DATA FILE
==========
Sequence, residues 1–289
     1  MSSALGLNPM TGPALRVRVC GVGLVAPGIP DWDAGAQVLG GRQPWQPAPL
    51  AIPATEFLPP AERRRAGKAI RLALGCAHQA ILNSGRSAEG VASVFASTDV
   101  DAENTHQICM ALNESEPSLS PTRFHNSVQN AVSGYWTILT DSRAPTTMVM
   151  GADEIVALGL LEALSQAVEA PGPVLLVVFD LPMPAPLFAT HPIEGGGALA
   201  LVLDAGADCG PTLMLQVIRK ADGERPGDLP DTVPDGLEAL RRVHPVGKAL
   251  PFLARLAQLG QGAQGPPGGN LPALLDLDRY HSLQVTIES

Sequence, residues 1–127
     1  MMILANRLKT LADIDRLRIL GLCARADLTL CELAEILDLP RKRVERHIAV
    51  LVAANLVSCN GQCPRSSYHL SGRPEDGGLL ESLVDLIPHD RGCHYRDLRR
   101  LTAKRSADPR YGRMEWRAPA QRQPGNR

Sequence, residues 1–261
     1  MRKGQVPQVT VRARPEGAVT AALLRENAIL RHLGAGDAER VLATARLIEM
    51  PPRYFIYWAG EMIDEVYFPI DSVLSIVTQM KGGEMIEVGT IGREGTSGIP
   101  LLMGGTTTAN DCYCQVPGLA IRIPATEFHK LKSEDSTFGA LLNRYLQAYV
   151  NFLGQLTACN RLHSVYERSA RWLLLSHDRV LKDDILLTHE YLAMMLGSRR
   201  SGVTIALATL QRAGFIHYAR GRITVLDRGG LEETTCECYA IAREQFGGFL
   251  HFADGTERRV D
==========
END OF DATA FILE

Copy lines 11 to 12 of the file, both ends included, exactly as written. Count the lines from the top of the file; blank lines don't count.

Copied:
   101  LTAKRSADPR YGRMEWRAPA QRQPGNR

Sequence, residues 1–261